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CD Reviews – April 2014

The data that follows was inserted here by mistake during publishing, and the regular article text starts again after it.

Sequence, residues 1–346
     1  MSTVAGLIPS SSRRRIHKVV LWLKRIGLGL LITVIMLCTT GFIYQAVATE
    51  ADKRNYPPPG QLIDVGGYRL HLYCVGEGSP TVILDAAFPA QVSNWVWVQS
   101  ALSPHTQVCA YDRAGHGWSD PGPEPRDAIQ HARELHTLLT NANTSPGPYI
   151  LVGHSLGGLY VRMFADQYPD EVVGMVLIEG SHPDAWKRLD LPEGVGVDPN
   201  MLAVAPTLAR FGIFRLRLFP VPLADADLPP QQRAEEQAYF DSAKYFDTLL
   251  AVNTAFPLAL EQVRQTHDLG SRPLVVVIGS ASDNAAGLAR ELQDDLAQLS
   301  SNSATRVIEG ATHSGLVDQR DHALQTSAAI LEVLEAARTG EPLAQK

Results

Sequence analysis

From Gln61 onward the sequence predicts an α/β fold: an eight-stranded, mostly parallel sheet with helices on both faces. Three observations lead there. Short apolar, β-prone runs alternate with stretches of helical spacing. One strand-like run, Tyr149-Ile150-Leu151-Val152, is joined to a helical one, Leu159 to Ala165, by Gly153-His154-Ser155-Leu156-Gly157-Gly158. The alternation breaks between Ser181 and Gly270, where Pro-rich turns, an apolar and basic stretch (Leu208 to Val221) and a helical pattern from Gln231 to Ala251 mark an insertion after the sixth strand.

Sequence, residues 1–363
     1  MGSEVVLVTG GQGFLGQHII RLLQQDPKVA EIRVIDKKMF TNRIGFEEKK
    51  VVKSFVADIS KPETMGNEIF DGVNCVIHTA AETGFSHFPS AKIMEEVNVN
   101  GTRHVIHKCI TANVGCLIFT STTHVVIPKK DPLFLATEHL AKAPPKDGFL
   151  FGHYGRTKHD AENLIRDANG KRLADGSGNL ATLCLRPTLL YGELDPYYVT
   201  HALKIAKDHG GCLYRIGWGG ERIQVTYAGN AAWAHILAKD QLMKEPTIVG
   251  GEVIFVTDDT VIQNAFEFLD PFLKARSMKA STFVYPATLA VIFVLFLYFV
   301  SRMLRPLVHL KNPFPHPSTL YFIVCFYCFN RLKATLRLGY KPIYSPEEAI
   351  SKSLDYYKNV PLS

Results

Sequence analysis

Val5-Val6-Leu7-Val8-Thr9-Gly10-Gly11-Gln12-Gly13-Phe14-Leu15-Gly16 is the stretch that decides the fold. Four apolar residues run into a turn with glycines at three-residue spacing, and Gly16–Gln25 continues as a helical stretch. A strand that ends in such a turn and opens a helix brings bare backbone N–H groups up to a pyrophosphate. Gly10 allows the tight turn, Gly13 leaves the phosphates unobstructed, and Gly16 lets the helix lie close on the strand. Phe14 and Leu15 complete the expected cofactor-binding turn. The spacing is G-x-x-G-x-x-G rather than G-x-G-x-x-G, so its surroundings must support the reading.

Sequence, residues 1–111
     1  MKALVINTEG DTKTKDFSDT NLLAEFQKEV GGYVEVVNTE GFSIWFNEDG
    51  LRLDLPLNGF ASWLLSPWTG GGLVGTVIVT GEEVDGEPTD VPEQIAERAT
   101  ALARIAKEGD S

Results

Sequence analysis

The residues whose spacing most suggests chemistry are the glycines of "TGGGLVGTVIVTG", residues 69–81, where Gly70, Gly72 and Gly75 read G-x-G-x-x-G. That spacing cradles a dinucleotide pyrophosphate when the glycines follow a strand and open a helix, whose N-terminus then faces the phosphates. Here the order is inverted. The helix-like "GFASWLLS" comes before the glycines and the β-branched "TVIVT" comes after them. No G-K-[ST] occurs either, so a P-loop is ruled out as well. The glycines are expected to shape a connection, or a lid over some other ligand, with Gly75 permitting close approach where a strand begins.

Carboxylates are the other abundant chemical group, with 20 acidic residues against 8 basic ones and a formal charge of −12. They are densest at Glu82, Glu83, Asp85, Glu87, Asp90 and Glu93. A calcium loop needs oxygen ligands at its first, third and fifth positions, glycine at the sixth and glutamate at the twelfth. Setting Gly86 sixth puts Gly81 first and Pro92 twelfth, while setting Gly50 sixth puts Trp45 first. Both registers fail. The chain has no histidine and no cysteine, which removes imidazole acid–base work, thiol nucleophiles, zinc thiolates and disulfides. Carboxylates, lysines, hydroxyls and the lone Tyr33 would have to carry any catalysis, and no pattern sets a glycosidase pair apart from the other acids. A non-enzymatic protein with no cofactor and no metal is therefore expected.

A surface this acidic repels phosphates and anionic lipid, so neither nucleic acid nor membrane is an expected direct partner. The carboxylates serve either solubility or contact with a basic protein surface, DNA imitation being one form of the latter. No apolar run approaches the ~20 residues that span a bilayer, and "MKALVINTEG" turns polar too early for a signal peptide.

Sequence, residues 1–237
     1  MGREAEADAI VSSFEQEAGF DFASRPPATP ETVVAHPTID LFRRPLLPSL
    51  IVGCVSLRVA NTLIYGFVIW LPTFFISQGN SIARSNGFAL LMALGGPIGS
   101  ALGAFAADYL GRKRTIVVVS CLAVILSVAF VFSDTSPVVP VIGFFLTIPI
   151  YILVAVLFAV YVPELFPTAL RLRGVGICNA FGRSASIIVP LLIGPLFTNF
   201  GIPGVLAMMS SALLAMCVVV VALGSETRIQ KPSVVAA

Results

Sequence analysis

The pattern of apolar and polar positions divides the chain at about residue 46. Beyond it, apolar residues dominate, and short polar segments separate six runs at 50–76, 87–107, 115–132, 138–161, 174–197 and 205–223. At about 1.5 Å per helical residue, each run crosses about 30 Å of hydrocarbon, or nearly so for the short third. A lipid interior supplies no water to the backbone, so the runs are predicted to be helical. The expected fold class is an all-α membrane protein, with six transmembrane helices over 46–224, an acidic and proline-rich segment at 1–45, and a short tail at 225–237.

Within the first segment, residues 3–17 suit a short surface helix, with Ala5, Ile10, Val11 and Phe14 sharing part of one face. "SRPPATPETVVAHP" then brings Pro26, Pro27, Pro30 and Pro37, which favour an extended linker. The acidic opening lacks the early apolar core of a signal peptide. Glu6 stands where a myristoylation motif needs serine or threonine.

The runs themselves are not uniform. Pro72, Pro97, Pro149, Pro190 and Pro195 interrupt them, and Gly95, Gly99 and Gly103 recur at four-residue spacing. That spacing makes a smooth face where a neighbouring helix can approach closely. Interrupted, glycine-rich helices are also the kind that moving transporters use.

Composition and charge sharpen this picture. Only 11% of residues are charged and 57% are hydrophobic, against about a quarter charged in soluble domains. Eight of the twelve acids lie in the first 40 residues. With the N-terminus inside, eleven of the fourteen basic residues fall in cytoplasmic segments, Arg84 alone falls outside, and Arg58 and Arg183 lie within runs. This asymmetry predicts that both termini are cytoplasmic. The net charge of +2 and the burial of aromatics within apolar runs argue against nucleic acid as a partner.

THE SEMI-SUPERVILLAINS – TRICKS (no label) Formed at Pittsburgh’s Duquesne University in 2010, the Semi-Supervillains deliver a vigorous, garage-rocking wallop on their first full-length CD, Tricks. The band’s nucleus of founder, singer, guitarist and keyboardist Vinnie Longhi and bassist Ron Rekowski team with several drummers and noted producer/multi-instrumentalist Rick Witkowski to lay down a raucous, guitar-fueled garage rock sound. The group’s style displays the go-for-broke demeanor of Jet or White Stripes, but also captures the spirit of classic ‘60s-era garage rockers like the Kingsmen, Kinks and early Who. The disc’s 11 songs are compact, with catchy hooks and to-the-point melodies; providing the backdrops for Longhi’s lyrical odes to boy-meets-girl ups and downs. The Semi-Supervillains offer four quality textbook crash-bang-wallop guitar-rock exercises to launch the album; the disc-opening title track “Tricks,” “Magic Touch,” “Black Letter” and “Learned My Lesson”; and stomp hard on the crunchy “Trolls.” They accelerate to punk-like velocity on “Come On Pain Give Me Sympathy” and the disc-finisher “Start the Show,” and provide infectious ska chops on “Right for All.” The group crafts a catchy R&B-like pop melody on “Fool for You,” taps a McCoys “Hang On Sloopy” vibe with the playful “She Put a Spell on Me,” and belts out a convincing doo-wop ballad on “Say the Word.” The Semi-Supersonics deliver all of it with a caution-to-the-wind velocity and abundant enthusiasm; yet the execution is airtight and dead-on. Longhi’s vocals are playful and tuneful, yet capable of going off the deep end at any moment. Witkowski’s studio finish enables The Semi-Supervillains to sound sharp and edgy, yet polished and radio-ready. No trickery involved, Tricks delivers a refreshing, awakening garage-rocking slap to the cranium, and The Semi-Supervillains provide a stripped-down, fun and raucous listen. (The CD can be obtained through the group’s Reverbnation website, www.reverbnation.com/semisupervillains.)